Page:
Election day is over, and one particular measure will affect students and health teachers all across Washington state for years to come. Referendum 90 is a ballot measure that was approved on November 3, 2020, by Washington state voters. R-90 requires all schools to provide Comprehensive Sexual Health Education (CSHE) by the 2022-2023 school year. The new measure also requires grades kindergarten through third to focus on social-emotional learning. (SEL).
The measure specifically focuses on respectful communication, healthy relationships, respecting personal space, and managing emotions. No sexuality content is taught in grades K-3 under this bill. For grades four through twelve, sex-ed must include how the body and mind develop and change in response to a stimulus, how to communicate respectfully with each other, how to develop healthy relationships free from manipulation and coercion with a focus on consent. In addition, students will learn about the resources available to them if a relationship gets violent and about contraception for unintended pregnancy.
If parents do not want their children involved in the curriculum, they can opt-out for some or all of it.
At Camas middle schools, sex-ed is taught twice during sixth and eighth grade, and once at the high school in ninth grade health. Under this bill, high school students are required to participate at least twice between ninth and twelfth grade.
This acceptance of this measure is very controversial in the Camas community. Many people think this information has no place in schools and should be delivered at home by parents.
Camas High School Junior Daniel Lee said, “I think having more comprehensive sex-ed is good because it’s something that is important for young teenagers to know about. Although it may be awkward for students, it is a big part of becoming mature so I support it.”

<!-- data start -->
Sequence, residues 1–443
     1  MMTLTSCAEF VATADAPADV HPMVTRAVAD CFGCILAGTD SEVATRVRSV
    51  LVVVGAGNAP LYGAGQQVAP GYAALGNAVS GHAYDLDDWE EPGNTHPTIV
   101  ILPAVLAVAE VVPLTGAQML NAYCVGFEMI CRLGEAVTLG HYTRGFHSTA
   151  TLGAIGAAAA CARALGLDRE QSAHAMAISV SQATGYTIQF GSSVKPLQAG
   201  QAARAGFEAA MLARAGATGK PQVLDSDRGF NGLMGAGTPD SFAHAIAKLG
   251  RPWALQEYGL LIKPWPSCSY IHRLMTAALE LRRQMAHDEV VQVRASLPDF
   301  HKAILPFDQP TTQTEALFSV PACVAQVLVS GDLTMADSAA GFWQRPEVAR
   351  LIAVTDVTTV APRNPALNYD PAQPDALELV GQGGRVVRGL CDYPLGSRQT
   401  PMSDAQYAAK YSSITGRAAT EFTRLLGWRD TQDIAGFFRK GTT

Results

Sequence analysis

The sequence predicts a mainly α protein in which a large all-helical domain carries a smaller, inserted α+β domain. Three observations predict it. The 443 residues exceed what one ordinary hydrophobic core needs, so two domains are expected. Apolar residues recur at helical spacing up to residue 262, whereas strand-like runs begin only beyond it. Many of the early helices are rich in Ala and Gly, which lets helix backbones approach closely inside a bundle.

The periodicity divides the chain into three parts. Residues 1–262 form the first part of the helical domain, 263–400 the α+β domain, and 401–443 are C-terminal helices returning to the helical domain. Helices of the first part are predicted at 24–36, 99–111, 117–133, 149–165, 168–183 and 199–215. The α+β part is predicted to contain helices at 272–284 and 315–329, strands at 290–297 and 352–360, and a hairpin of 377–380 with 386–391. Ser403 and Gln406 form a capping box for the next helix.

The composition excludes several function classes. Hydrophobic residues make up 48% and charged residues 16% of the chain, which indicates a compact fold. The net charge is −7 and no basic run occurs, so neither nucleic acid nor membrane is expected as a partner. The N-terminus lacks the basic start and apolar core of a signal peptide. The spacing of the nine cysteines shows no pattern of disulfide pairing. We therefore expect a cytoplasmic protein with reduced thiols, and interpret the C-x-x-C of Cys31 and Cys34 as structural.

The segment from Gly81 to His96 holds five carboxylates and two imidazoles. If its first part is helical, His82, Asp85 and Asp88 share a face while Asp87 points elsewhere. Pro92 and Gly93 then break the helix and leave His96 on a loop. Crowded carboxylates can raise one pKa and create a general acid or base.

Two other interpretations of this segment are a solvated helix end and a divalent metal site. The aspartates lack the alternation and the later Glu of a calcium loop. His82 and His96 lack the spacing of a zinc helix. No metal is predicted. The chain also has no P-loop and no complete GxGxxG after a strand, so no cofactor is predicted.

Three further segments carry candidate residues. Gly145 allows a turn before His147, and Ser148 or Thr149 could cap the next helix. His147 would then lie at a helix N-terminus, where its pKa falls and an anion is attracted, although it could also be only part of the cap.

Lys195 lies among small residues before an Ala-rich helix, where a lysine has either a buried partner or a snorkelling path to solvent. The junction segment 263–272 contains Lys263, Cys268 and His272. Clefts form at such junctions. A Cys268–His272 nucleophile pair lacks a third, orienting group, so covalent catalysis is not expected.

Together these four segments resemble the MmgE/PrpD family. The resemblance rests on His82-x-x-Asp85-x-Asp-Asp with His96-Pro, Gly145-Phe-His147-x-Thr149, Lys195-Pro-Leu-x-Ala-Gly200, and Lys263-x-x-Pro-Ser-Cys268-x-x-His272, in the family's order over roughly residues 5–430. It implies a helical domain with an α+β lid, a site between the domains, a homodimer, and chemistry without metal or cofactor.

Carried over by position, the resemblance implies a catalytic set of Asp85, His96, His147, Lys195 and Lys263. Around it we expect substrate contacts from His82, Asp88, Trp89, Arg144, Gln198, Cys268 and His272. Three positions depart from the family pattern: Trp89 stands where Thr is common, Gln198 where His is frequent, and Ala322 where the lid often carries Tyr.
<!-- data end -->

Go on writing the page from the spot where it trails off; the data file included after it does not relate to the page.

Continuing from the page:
CHS Senior Isabella Ross said, “R-90 is a crucial part of being well educated on how to protect yourself and others and to be safe about sex overall. If people are educated about sexual health STI rates will drop, along with underage pregnancy, and abortions. The more we understand our bodies and sex, a natural part of being human, the benefits of education will follow. It’s more important to me because I know I want to have access to reliable educational resources to learn about safe sex, and my peers have access to that information as well so everyone can make educated decisions for themselves.”
Camas School District Assistant Superintendent Lisa Greseth provided some insight into how the measure will affect all grades.
Greseth said, “What we know is that research shows many benefits from comprehensive sexual health education, like improved knowledge, attitudes, and outcomes connected to healthy relationships. It also shows that sexual health education can help to prevent sexual abuse and violence. These are such important outcomes!”
Camasonian journalists Isabelle Domenech and Josh Fernando contributed to this article.